UNITED NATIONS: The U.N. political chief has called for a major international effort and bold leadership by the Israelis and Palestinians to break the political deadlock on peace talks and move ahead on an important opening by U.S. President Barack Obama.
Jeffrey Feltman told the U.N. Security Council on Wednesday that Obama and Secretary-General Ban Ki-moon agreed at a White House meeting on April 11 that there is "a window of opportunity" for the Israelis and Palestinians to resume peace negotiations.
He said the secretary-general reaffirmed the U.N.'s support for "a substantive initiative" to achieve a two-state solution, including through the Quartet of Mideast mediators - the U.S., U.N., European Union and Russia.
"Now is the time for the international community to work in a concerted manner and without delay," Feltman said. "The fragile hope triggered by the renewed U.S. engagement must be sustained and translated into serious efforts by the parties."
Obama's visit to Israel and the West Bank last month led to renewed hopes of U.S. engagement, which were reinforced by three quick follow-up visits by Secretary of State John Kerry.
He has been trying to get Israeli and Palestinian leaders to agree on a new and ambitious peace process that includes reviving parts of a long-dormant plan embraced by the Arab world. The 2002 Arab Peace Initiative would have provided Israel recognition throughout the Arab world in exchange for a pullout from territory conquered in 1967.
Feltman said the secretary-general spoke of the urgency of progress and reaffirmed the U.N.'s support for "a substantive initiative" to achieve a two-state solution at his meeting with Obama, including through the Quartet of Mideast mediators - the U.S., U.N., European Union and Russia.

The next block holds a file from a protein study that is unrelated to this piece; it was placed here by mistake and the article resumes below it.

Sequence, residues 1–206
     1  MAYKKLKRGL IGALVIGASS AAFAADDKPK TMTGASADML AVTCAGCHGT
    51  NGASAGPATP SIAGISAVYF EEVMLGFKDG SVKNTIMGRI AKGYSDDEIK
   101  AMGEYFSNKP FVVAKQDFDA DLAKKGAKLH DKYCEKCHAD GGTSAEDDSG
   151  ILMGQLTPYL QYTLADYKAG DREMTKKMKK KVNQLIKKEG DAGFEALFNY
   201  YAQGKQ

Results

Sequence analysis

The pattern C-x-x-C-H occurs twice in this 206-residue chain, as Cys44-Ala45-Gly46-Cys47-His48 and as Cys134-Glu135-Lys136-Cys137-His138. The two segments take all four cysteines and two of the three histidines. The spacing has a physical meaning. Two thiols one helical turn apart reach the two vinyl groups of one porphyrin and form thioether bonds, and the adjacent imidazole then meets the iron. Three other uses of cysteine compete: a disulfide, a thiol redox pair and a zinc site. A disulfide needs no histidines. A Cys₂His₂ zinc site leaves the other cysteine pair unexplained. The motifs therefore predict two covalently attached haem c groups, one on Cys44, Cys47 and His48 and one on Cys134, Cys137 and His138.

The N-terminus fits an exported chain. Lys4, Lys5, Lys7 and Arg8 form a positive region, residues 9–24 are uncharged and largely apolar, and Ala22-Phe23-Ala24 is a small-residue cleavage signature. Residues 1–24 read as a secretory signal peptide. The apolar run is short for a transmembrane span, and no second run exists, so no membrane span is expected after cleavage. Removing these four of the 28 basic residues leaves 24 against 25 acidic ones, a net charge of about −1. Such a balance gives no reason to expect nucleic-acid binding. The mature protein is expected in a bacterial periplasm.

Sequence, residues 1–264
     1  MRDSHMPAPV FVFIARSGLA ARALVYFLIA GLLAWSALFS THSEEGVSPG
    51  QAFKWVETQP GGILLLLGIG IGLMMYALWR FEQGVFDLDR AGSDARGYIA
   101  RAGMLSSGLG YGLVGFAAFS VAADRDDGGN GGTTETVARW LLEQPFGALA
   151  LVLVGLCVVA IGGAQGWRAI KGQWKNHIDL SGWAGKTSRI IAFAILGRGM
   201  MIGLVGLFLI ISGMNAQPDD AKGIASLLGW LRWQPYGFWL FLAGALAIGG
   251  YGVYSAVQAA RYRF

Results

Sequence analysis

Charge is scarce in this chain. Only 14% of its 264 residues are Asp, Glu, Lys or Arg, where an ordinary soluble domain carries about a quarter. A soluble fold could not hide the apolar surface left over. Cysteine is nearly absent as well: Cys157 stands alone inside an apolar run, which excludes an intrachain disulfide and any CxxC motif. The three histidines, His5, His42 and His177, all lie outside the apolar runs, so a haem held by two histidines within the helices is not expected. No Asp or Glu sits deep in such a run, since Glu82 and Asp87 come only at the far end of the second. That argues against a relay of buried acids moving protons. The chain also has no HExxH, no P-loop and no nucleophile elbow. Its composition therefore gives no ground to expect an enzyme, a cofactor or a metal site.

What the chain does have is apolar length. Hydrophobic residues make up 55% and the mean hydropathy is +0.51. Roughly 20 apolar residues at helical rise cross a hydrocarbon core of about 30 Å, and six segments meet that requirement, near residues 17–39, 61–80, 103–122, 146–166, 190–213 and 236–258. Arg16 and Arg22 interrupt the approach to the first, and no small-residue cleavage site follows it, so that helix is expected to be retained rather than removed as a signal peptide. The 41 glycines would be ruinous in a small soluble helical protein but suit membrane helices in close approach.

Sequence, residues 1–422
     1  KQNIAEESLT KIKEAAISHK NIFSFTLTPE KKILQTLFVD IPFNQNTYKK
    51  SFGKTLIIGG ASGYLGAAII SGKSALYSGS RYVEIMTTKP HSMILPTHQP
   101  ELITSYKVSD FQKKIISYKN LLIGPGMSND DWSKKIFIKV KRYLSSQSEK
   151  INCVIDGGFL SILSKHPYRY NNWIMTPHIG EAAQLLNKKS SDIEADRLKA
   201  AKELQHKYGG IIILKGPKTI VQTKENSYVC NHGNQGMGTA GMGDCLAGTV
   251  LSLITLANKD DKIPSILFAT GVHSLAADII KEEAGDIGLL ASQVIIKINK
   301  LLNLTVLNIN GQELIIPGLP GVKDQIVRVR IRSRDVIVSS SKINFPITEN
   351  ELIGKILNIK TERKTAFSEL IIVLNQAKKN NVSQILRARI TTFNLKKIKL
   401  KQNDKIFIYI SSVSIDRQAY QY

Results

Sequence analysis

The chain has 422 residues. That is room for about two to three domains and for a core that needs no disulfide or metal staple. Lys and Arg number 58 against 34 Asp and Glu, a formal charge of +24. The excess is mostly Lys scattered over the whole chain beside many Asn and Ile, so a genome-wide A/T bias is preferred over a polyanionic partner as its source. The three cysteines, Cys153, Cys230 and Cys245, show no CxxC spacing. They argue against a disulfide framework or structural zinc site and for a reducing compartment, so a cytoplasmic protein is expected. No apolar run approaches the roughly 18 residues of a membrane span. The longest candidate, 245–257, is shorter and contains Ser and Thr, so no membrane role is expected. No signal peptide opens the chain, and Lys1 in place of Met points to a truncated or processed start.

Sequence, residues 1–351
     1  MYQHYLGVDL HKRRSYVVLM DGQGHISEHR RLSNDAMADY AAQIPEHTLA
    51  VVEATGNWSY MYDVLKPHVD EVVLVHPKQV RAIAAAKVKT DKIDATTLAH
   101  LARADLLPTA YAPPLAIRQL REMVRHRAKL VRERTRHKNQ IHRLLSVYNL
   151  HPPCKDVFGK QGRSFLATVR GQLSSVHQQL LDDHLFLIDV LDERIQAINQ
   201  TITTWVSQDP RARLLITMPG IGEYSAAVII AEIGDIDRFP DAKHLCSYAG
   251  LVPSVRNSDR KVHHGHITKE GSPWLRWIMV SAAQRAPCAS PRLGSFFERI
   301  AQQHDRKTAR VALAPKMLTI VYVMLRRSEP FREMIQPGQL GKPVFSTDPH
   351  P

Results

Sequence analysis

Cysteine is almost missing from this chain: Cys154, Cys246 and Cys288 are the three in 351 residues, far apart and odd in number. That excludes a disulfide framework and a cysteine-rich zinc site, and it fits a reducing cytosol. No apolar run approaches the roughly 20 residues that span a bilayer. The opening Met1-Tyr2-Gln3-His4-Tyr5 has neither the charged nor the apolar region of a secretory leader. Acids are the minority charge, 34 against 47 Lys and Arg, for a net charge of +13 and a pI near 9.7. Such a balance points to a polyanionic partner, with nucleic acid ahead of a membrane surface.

In another follow-up, he said that on the sidelines of a meeting April 10, ministers from the G-8 major powers - the U.S., Britain, Russia, Japan, Germany, France, Italy and Canada - recommitted themselves to comprehensive peace in the Mideast and the need for a major international effort involving the Quartet and regional leaders "to drive the peace process forward." On April 28, he said, Arab leaders are sending a ministerial delegation to Washington to discuss the peace process.
Russia's U.N. Ambassador Vitaly Churkin told the Security Council Wednesday that Moscow is convinced a ministerial meeting of the Quartet, preferably with the involvement of Arab states, Israel and the Palestinians, could help re-launch the negotiating process. He said this "must be achieved without preconditions."
Riyad Mansour, the Palestinian U.N. observer, welcomed Obama's "important visit" and "the priority accorded to resolving the conflict, the renewed commitment to a just peace, and the efforts to create an atmosphere conducive for progress."
"We strongly hope that secretary Kerry succeeds in his efforts along with other regional and international partners to launch a credible peace process," he said.
But for a meaningful and successful political process, Mansour said, Israel must halt all settlement building.
"This would constitute a serious signal from Israel that it is ready to negotiate in good faith an end to the occupation," he said.
Israel must also accept the principle of withdrawal from land it seized in the 1967 war, release Palestinian political prisoners and detainees, end its "blockade" of the Gaza Strip, and allow Palestinian refugees to return, Mansour said.
Israel's U.N. Ambassador Ron Prosor made no mention of new settlements or the Obama visit but said peace must be built on three pillars - education to teach Palestinians the importance of tolerance and coexistence, recognition that Israel is the nation state of the Jewish people, and security.
He added that tolerance, mutual recognition and security are also essential for Israelis and all people in the Middle East if they are to live together in peace.
Prosor accused Palestinian President Mahmoud Abbas of claiming to march toward a peaceful two-state solution while building a monument in Bethlehem depicting the boundaries of a Palestinian state which would wipe Israel off the map.